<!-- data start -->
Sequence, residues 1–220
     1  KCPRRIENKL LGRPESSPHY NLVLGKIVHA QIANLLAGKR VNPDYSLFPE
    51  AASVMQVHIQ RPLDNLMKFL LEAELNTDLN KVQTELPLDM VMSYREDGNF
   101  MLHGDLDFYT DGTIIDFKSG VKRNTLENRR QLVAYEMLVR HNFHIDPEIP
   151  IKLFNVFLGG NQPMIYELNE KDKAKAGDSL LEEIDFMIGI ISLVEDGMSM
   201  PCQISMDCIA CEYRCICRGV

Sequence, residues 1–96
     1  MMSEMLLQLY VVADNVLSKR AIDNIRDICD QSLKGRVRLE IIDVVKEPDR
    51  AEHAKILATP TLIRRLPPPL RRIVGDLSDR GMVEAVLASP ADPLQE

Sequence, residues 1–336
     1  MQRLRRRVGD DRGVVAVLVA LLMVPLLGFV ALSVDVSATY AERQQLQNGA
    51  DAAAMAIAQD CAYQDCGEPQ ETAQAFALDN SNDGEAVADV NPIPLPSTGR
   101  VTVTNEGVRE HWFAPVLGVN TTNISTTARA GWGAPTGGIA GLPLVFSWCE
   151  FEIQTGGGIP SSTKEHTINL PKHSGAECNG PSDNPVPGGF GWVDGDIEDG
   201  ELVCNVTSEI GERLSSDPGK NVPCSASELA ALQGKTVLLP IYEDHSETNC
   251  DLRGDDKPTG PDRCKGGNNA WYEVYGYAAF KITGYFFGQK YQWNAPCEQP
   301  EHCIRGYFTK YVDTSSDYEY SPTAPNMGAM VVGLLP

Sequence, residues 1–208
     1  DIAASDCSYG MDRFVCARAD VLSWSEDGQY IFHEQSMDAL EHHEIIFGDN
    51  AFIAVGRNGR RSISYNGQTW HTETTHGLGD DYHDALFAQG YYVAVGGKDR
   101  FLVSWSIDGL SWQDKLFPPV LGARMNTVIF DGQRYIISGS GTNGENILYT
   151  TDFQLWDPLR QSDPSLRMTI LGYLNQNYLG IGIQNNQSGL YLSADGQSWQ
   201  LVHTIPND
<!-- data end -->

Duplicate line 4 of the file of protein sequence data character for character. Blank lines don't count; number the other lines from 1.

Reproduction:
   101  MLHGDLDFYT DGTIIDFKSG VKRNTLENRR QLVAYEMLVR HNFHIDPEIP